The Criminology of Wrongful Conviction: A Decade Later

This article reflects on the author’s 2005 article, “Rethinking the Study of Miscarriages of Justice,” which sought to describe what scholars empirically knew at that time about the phenomenon, causes, and consequences of wrongful convictions in America. The 2005 article argued that the study of wro...

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Bibliographic Details
Published in:Journal of contemporary criminal justice
Main Author: Leo, Richard A. (Author)
Format: Electronic Article
Language:English
Published: 2017
In:Journal of contemporary criminal justice
Year: 2017, Volume: 33, Issue: 1, Pages: 82-106
Online Access: Volltext (Resolving-System)
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Summary:This article reflects on the author’s 2005 article, “Rethinking the Study of Miscarriages of Justice,” which sought to describe what scholars empirically knew at that time about the phenomenon, causes, and consequences of wrongful convictions in America. The 2005 article argued that the study of wrongful convictions constituted a coherent academic field of study and set forth a vision for a more sophisticated, insightful, and generalizable criminology of wrongful conviction. In this current article, the author revisits the ideas first developed in “Rethinking the Study of Miscarriages of Justice” to evaluate what scholars have learned about wrongful convictions in the last decade, and what challenges lie ahead for developing a more robust criminology of wrongful conviction. The article concludes that there have been significant theoretical, methodological, and substantive advances in the last decade, but that a root cause analysis of wrongful convictions has yet to come to fruition and urges empirical scholars to begin to study other sources of error and inaccuracy in the criminal justice system. Scholars should develop a criminology of erroneous outcomes, not just of erroneous conviction. By studying both sets of outcomes, scholars can improve accuracy and reduce errors across the board.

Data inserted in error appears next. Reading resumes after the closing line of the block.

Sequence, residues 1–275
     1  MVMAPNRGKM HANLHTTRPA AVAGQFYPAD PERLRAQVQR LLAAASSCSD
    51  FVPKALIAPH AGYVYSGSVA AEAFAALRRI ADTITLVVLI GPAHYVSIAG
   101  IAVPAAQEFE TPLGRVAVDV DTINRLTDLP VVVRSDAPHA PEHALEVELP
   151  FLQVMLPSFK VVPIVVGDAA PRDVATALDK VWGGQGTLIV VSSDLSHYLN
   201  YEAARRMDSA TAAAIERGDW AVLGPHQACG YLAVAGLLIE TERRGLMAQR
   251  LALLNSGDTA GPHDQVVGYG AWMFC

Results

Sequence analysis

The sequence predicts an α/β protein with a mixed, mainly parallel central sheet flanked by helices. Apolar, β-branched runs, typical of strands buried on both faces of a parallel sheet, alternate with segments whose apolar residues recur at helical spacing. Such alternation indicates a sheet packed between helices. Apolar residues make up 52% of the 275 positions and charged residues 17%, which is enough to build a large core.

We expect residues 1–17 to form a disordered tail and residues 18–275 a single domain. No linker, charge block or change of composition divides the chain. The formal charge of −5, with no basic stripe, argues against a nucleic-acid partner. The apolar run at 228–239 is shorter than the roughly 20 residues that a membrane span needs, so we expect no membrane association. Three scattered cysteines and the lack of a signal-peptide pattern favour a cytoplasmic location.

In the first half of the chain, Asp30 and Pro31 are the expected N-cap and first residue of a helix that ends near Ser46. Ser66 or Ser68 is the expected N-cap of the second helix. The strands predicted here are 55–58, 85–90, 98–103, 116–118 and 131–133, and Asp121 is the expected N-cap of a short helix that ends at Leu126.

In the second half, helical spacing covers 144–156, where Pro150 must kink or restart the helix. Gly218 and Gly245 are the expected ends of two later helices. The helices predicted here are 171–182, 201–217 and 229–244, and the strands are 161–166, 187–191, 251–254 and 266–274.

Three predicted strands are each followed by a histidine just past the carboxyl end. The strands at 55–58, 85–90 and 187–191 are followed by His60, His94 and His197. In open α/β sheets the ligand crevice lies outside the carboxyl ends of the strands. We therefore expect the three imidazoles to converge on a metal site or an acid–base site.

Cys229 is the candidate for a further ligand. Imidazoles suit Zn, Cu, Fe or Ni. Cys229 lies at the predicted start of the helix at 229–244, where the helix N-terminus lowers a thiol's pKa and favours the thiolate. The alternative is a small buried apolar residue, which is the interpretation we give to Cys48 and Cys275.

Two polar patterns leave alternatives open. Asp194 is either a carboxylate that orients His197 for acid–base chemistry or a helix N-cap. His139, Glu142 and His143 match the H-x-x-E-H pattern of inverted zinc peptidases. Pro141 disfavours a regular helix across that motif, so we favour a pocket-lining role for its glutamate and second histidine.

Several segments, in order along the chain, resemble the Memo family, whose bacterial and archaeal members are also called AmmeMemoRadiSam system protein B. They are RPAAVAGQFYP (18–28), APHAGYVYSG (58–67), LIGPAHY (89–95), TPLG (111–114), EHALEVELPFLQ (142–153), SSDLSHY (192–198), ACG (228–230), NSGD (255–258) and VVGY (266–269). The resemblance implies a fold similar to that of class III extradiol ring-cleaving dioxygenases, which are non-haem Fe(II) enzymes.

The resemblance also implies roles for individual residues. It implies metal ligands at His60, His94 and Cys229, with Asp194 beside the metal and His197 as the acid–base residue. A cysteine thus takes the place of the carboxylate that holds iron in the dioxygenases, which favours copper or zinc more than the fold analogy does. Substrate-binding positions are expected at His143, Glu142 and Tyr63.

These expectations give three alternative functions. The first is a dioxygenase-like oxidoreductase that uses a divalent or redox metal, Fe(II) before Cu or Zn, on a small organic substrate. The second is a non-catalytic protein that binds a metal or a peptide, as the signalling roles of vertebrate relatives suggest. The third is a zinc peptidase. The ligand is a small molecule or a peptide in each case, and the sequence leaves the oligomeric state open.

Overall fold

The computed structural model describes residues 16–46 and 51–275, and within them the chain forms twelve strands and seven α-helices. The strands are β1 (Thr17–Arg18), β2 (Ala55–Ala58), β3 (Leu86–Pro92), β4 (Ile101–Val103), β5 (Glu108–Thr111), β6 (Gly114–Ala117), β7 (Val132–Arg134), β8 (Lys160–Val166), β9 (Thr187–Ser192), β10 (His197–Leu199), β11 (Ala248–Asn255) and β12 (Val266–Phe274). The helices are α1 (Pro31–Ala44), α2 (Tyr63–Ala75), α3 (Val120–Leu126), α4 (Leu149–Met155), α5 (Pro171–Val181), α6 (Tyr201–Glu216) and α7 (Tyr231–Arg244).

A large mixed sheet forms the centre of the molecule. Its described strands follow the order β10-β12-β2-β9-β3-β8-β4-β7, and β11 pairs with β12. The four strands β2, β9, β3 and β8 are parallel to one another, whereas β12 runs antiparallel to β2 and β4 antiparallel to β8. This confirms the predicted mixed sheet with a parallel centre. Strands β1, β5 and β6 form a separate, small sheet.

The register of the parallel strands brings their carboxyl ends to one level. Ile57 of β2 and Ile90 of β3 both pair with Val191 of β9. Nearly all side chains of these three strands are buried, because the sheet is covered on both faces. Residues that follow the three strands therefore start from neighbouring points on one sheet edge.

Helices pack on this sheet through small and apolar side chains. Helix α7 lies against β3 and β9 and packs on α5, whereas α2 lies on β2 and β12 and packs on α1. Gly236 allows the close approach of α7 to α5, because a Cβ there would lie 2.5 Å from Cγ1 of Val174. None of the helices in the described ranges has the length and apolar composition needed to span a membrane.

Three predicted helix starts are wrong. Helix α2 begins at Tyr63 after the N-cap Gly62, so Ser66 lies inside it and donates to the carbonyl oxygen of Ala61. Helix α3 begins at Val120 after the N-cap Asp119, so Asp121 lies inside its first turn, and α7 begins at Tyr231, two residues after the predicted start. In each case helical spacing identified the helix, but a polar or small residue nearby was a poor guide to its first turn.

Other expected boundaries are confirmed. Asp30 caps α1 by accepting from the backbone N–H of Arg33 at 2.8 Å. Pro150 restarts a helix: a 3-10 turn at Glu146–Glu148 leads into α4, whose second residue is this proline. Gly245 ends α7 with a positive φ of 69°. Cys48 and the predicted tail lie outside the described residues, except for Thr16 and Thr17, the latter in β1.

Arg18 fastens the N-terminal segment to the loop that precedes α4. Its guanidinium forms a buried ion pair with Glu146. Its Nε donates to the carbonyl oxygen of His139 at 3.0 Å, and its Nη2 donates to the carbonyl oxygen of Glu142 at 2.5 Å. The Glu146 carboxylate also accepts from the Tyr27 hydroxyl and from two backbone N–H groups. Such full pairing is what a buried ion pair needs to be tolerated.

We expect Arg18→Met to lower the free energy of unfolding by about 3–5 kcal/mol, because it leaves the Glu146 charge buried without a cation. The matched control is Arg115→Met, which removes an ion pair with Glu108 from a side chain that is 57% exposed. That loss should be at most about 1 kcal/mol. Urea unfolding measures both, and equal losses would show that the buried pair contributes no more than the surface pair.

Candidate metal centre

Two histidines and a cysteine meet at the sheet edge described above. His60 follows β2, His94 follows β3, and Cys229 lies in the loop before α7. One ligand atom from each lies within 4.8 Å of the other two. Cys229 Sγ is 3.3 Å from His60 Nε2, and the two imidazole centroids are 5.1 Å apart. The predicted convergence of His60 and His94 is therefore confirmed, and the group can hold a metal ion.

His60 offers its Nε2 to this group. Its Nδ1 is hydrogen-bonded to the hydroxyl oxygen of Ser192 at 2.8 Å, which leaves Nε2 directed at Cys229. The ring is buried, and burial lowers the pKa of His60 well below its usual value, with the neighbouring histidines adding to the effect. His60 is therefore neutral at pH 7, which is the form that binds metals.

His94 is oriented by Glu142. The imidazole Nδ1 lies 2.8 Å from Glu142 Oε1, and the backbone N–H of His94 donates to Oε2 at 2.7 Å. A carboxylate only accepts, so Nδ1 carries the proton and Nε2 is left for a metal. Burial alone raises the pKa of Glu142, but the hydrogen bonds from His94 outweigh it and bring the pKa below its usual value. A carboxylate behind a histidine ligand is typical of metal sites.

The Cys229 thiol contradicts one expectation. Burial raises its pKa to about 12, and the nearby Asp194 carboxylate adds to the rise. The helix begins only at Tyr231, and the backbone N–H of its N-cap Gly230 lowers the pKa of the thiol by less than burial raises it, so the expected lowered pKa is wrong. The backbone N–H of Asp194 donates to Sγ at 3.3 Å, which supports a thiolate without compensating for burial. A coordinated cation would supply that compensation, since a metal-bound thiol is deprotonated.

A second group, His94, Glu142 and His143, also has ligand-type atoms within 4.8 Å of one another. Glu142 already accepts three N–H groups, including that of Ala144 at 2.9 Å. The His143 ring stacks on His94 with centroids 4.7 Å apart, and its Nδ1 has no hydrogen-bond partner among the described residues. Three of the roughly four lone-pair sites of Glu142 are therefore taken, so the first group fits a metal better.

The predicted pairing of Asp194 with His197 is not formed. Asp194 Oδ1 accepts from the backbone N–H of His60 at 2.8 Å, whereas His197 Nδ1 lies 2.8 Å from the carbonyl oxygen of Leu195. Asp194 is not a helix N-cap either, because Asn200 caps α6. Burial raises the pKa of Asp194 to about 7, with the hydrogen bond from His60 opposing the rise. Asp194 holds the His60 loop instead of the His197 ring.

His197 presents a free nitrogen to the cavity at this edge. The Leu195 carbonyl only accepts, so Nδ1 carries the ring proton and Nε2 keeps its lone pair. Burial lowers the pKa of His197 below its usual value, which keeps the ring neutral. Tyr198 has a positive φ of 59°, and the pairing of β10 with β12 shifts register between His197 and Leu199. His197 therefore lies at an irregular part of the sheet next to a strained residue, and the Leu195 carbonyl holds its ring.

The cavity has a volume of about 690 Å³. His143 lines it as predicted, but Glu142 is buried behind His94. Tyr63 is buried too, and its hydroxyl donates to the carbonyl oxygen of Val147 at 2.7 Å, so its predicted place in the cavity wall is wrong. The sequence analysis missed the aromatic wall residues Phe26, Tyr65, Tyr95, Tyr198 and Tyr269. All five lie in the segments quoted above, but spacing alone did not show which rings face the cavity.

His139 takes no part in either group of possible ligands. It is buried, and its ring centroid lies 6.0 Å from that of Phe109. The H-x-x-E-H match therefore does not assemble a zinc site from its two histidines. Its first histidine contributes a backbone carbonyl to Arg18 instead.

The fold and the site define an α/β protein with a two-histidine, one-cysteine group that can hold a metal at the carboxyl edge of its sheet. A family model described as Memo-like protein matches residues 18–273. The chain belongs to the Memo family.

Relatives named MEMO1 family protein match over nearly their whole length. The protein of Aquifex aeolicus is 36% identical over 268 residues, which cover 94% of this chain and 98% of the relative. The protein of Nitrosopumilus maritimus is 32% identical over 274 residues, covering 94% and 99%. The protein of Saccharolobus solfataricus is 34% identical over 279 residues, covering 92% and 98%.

ISSN:1552-5406
DOI:10.1177/1043986216673013